Monday, September 14, 2009
Do It Better Yourself
The tools are at our fingertips and maybe a tiny bit of the world's frustration is beginning to ebb away as we enter the era of DIBY. Don't complain, have a go yourself. Whether that's music, newspapers, TV or institutional structures. It's "yes, we can" maybe just creeping into the edges of our society (best to do something while we wait for our Obama). Most recently, we've witnessed the storm over Birmingham City Council's website turn swiftly into citizen organising; fast and dirty reorganising of BCC's content.
It's good in many ways. First, and not necessarily foremost, councils and government are starting to realise that stuff just works better if we create it ourselves. Second, it has the potential to save them (/us) a fortune (even if they might need to pay someone a fortune to do it badly the first time round). Thirdly, the more people are involved in a service, the more they will understand it.
We can get out of the era that says one solution will work for thousands, even millions, of people. The version of the BCC website that is built by a few Birmingham hackers might only work well for them, but if that is so at least they have done it cheaply and it's just as easy for the next group to come along and do it themselves. While once we would have said "yes, but it's not my job to build that", we can now collaborate with others to spend a small amount of time building something that works for us. The time and cost of doing so is collapsing to the extent that it's easier to build a new way of finding what you want than to tortuously find it each time you need it. Much less frustrating.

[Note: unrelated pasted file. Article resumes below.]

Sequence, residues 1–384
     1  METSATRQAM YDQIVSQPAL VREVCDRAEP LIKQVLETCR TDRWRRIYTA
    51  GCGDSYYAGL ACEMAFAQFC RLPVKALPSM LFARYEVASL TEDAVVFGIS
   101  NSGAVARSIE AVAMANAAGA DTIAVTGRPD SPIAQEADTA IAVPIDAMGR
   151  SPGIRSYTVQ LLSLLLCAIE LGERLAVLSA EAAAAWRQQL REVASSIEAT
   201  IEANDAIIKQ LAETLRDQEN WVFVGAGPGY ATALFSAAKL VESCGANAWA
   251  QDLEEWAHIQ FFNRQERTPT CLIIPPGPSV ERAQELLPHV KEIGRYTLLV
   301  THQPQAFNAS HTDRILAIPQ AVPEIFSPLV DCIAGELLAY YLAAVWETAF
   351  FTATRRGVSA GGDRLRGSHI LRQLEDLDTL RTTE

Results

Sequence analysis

It also gives people a way of proving themselves in a public arena. If the commissioners can stop taking offence when something goes down badly, if the raw material for every data-driven piece of work can be made available in an API, then it gives people a chance to build very valuable tools that can be further developed and replicated. Then the people who built them can be commissioned to do more.